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Mr. Clean

Take off your shoes and step inside the apartment, where every object has its place. Set your kicks next to a pair of black high-tops with the name BIGGIE stitched on the side, next to two backpacks propped near the door for a quick getaway. Now, walk on past the framed Bob Marley photos. Check out the white carpet. Spotless. The bathrooms? Immaculate. In the den, you'll find an ironing board set up near three different laundry baskets. "I gotta separate my colors," Salim Stoudamire says. In the bedroom, the bookshelf below the TV is filled with at least four dozen cataloged basketball videotapes. And in the corner next to the bed, the vacuum cleaner stands sentinel-straight and ready for action.

If Stoudamire, the supremely talented Arizona guard, remains a mystery after four years on campus, the reason may be right here in the hills west of Tucson. His place isn't just clean--it's meticulously ordered in a way that suggests a systematic energy at work. Items are laid out at perpendicular angles. On the kitchen table, three rolls of athletic tape are lined up next to a pair of cutters and a couple of cell phones. On the counter, a stack of phone books is positioned near various plastic cards (AAA, Safeway, CatCard), a Talib Kweli ticket stub and a collection of pennies placed in rows to form an elaborate cross. When Stoudamire is asked what possessed him to take on such an impromptu art project, he just smiles and shrugs. Sometimes even he can't explain why he does things a certain way. Teammate Isaiah Fox, though, has his suspicions. "I'm neat," says the junior forward. "But with Salim, it's like he has OCD."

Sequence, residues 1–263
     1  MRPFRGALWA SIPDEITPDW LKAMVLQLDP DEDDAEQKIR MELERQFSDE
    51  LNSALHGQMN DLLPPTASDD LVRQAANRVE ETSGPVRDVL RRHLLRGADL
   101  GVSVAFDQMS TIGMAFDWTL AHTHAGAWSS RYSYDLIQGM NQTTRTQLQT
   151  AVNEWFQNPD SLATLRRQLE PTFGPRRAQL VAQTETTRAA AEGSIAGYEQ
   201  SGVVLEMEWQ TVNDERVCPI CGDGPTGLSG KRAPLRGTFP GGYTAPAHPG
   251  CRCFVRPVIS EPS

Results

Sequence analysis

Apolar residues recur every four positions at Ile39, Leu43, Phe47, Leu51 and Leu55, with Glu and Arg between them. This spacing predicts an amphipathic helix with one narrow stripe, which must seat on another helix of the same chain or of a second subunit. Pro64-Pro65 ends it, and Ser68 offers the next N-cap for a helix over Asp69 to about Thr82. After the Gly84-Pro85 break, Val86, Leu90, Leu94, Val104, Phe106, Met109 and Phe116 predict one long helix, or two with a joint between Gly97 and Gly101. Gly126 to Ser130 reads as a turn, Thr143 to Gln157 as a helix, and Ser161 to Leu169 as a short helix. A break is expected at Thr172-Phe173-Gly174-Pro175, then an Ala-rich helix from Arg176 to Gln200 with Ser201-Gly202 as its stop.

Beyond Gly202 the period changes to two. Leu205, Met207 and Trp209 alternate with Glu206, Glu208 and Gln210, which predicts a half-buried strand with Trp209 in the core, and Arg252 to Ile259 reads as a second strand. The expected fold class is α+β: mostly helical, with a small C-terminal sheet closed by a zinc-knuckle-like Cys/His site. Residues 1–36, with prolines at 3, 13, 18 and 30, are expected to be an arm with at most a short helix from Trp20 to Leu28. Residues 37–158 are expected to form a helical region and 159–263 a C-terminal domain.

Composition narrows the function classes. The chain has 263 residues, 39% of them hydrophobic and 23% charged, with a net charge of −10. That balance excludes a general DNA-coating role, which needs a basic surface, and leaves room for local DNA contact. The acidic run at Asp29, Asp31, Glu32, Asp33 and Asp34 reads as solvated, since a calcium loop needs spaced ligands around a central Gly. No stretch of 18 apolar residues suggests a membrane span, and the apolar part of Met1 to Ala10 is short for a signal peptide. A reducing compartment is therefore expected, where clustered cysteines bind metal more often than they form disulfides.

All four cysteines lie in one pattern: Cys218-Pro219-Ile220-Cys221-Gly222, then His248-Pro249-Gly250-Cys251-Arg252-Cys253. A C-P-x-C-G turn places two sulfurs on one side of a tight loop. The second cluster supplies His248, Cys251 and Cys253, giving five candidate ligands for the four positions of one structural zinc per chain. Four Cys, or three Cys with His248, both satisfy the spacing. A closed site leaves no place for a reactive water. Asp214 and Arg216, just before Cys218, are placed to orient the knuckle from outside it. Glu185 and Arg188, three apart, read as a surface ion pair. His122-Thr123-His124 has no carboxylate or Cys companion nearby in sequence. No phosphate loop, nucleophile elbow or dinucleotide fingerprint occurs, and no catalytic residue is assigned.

Stoudamire prefers to call himself a perfectionist, and it's evident in everything he does on the court, from the way he's always wiping his hands on his shorts and shoes to the deliberate, almost soporific manner in which he takes (and sinks nearly 90% of) his foul shots, to the quick release that launches his deadly rainbow three, the nation's best (sorry, J.J. Redick, the numbers-53% vs. 41%-don't lie). His shooting, passing and stellar defense make him a top contender for Pac-10 Player of the Year. And as scion of a hoops-playing family that includes his cousin Damon, the 6'1" Salim has the potential to become the greatest Stoudamire of all.

But as his college days tick down, an air of doubt surrounds the enigmatic southpaw. Too often, Stoudamire's unwillingness to settle for anything less than perfection has sent him into funks and isolated him from teammates. His tendency to lose himself in his inner turmoil has drawn the ire of Lute Olson, who has suspended Stoudamire twice in the past two seasons, essentially for moping. At its core, the clash between coach and player is one of conflicting systems, with Stoudamire struggling to align his personal feng shui with the time-tested structure of Olson's program. In the Arizona family, players are groomed to be leaders. But what happens when the leadership you demand of someone seems out of character? Over the next few weeks, the Wildcats will find out-because the fate of their NCAA Tourney run rests squarely with Stoudamire.